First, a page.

In contrast, even a small bi-amped wedge takes up a couple square feet of stage real estate and weighs a minimum of 30 lbs. Cabling, amps and processors means at least one good-sized and heavy rack. Using a four-piece band as an example with one bi-amped wedge per person and running just two mixes means four wedges and a rack containing two stereo amps and one crossover/processor at minimum which will weigh between 80 and 100 lbs. Plus the wedges. This will fit in the back of my PT Cruiser but I am not going to be able to carry it onto an airplane.
Affordability: This is where most people think that personal monitors lose their edge. They are not cheap. But let’s take a look at it. Going all out on personal monitors with pro-level wireless and custom-fit earphone is going to cost in the neighborhood of $1600-2000 per person. That amp/processing rack is going to run in the three grand range for amps and processor and that is for mid-line gear. Even a decent bi-ampable wedge is going to be in the $600 range. Divide that among four band members and you are looking at about $1100 per person. So personal monitors appear more expensive.
But, if the mixer has enough aux send, the PM setup can do four individual mixes. What happens when we go to four wedge mixesw? Adding the additional amps and processor channels tacks another $400 or so on per extra mix so now, we are talking about a wash in terms of expense. If you go down market with a less expensive wireless and making at least the drummer wired as well as substituting those custom-fit monitors for pro-level universal-fit units takes it down to more like a grand per person. Bottom line is that the money difference between the two is not what it first appears.
Self-Preservation: Loud stages hurt performers and personal monitors allow the performer to control the volume of their mix. This is serious stuff. Ask Pete Townsend who suffers from a constant ringing in the ears called tinnitus after years of very loud rock shows.
Some basics: Remember that decibels (the unit used to measure sound) are not linear. In other words, 100 decibels is not double the level of 50 decibels. Every increase of just 6 dB results in a perceived doubling of the volume level. The generally accepted safe level tops out at about 85 dB for any significant period of time. A typical stage running wedges runs in the 100-110 range. Really loud rock bands can go higher. (A friend of mine used to mix monitors for Pantera and says the level at center stage was 120 dB every night.) If 85 dB is safe (and according to OSHA that is the safe level) and you are at, say 103, you have doubled the level three times. This does not mean three times as loud it means more like 8 times as loud. (Do the math. If 85 dB represents our base or “1” then doubled once is 2, doubled again is 4 and doubled again is 8 times the volume.) And the amount of time that is safe drops to just a few minutes.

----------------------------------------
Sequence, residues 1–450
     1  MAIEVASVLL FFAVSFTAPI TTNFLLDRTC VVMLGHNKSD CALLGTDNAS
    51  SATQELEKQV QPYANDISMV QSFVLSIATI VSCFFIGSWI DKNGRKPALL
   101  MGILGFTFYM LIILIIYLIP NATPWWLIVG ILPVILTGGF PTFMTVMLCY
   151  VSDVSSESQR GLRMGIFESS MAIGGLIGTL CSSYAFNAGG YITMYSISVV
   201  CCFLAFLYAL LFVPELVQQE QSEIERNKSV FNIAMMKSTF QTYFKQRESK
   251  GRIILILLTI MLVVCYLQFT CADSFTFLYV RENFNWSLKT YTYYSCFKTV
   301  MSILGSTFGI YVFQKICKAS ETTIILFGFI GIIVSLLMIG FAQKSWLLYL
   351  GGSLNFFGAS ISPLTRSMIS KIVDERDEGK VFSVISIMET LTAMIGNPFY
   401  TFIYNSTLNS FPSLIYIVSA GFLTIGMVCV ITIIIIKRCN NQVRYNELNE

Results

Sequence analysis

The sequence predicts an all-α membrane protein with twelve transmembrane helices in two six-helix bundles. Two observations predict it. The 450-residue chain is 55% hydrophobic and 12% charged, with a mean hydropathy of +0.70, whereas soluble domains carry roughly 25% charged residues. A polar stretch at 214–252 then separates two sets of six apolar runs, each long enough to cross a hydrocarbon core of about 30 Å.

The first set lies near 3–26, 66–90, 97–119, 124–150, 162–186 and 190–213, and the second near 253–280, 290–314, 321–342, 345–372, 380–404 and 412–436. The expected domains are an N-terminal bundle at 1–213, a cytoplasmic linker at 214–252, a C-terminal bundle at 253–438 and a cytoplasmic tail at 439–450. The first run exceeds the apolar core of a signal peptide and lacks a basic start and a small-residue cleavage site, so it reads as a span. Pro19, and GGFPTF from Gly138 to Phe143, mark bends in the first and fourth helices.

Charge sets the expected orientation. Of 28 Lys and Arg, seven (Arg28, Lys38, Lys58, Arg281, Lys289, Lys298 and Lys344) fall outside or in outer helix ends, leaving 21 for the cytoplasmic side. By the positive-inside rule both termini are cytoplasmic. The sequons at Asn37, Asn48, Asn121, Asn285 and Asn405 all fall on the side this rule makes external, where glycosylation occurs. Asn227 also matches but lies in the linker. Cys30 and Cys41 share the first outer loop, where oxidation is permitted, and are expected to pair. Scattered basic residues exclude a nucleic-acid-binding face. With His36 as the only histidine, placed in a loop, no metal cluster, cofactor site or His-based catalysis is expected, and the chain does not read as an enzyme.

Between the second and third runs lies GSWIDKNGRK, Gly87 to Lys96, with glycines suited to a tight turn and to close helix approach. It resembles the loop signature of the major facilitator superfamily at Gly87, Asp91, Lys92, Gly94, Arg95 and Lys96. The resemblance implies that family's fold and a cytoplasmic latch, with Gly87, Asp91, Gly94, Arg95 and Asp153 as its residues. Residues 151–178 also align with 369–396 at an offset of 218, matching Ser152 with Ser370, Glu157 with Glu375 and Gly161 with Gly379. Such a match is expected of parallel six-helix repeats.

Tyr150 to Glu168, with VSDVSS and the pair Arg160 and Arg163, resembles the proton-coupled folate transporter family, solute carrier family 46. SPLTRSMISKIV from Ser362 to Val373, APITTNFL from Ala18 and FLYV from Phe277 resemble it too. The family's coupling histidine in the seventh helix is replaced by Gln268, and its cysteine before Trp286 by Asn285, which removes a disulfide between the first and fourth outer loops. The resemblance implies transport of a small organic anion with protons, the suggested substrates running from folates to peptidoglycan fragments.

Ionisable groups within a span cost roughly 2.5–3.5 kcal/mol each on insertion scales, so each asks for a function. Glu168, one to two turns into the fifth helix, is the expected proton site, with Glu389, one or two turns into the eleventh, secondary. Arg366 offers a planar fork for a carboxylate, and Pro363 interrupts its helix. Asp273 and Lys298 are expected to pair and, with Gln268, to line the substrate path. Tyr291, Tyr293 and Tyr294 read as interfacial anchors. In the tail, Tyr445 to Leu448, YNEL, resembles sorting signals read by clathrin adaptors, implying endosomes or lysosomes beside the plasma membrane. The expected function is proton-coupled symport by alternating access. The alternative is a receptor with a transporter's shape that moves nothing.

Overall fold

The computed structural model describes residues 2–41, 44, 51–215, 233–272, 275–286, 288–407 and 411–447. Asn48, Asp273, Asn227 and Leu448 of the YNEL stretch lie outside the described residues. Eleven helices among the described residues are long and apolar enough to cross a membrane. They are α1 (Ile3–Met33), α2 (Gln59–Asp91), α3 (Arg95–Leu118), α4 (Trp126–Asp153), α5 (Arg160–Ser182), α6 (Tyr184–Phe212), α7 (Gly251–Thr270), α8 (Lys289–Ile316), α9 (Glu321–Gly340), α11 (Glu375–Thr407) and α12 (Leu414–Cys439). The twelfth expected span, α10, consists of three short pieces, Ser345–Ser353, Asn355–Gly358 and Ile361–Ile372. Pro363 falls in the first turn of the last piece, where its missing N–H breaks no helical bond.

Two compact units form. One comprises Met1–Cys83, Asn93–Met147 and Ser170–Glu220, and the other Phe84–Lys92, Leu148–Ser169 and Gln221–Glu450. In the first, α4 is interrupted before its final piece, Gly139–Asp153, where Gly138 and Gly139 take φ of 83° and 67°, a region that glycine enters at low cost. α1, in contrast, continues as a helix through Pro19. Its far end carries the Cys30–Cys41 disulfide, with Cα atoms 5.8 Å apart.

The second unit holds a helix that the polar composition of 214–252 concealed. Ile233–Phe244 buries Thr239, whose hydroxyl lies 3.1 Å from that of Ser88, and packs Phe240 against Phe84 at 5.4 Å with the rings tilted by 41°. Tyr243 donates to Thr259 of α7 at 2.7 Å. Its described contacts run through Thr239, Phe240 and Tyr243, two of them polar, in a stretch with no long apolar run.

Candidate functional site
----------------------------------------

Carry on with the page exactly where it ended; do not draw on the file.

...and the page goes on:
Laurie Abdo is a Board Certified Hearing Instrument Specialist and the Hearing Aid Specialist at Ear, Nose and Throat Consultants of Nevada. She has been a hearing instrument specialist in Las Vegas for 23 years. “Each time you are exposed to this type of noise, the hair cells in the inner ear are damaged,” she explains. “If you get out of the noisy environment your hair cells will recover somewhat and each day your hearing comes back--but not as good as the day before. Exposure to this kind volume can damage your hearing after only 30 minutes of exposure per day.”
Abdo and any other hearing specialist you talk to will advocate the use of earplugs that are custom made for musicians and attenuate 9 dB, 15 dB or 25 dB of noise. “The musicians earplugs attenuate all frequencies equally so the musician does not lose any of the integrity of the music. A 25 dB attentuaion will take sound occurring at 110dB to a level of 85dB which is much less damaging to the ear.”
Custom fit personal monitors can cut ambient sound by 26 dB so they double as hearing protection. Abdo has found that musicians using custom fit personal monitors can hear comfortably at about 10 dB lower level than just using speakers.